The local future of vertical search

Saturday, February 4th, 2006

There’s a key difference between local and national news outlets that has so far insulated small newspapers from online competition but which will eventually leave them even more vulnerable than their bigger brethren.

Unlike national and regional papers, local papers are niche media. They cater to the tiny number of people who care about, for example, Gadsden, Alabama. Nobody else in the world keeps as many boots on the ground in a small- to mid-size community as the local newspaper.

That’s why many newspaper corporations are urging their editors to emphasize local news on their Web sites even more than in their print products. Simply: on the Web, we have competitors for our national and global content. But in small towns, local news content is still back in the happily monopolistic 20th century.

This brings us to search. Search engines let you keep a few big brands in your head, and rely on them to find content from lots of other brands. But Google and the other general-interest search kings don’t target niches well. Yes, googling “gadsden auto sales” is easier than tracking down the Gadsden Times’ classifieds, but the quality is inferior: anyone with an ad in the paper has their information up to date and tells you exactly what they’re selling. And a Google Local search is good at tracking down retailers, not connecting you with local peers.

Local news is even harder to get from a general-interest search engine. (Aggregators like Newsvine may one day have enough users to work in smaller markets, but they’re not very useful when there aren’t very many news outlets to grab from.)

So search is a great way to find things, but general-interest searches are too imprecise to seriously compete with local newspapers. What will threaten local papers–or, phrased differently, what people want but aren’t getting–are “vertical” local search engines, which are engineered to turn up local results for given searches. Search engines that users visit in order to find local results.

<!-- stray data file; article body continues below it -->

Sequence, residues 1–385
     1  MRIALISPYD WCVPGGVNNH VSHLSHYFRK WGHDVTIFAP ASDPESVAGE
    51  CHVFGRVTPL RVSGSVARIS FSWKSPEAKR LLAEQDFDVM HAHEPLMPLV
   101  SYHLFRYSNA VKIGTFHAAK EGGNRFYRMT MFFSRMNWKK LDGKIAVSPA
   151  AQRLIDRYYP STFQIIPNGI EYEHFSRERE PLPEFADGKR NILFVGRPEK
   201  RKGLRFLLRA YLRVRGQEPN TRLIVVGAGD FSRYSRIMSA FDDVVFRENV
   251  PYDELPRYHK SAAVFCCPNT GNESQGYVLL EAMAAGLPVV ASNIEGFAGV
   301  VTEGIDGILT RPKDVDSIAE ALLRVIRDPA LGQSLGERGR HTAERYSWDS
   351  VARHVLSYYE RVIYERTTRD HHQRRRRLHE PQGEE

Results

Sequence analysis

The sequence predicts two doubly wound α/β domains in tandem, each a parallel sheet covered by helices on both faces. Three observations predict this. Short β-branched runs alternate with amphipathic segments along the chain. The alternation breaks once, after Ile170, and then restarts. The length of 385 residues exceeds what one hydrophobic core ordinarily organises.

Vertical search is hot in niche media, and rightly so. “If Google is going to be CBS, I want to be Turner Broadcasting,” says LookSmart CEO Dave Hills, whose company offers engines for subjects like sports, food, and fashion as well as a few big metro areas. Existing vertical services like LookSmart, Oodle, the still-primitive Google Base and even the ugly, user-unfriendly Craigslist are all quite scalable. They will take over small markets eventually if local brands don’t own those markets first.

And if they do move in, small papers will be devastated, because local advertising, unlike national or regional advertising, is seldom about brand-building, which can occur through accidental encounters with display ads on a news page. Local advertising is about connecting people with stuff they’re looking for. Someday soon, somebody will build a better Craigslist, and the bottom will really fall out of classifieds. But major metro papers can weather that collapse more easily than small-town papers.

For now, those small newspapers have the dominant online mindshare in their communities. There’s no reason they can’t use this–quickly–to dominate local vertical search.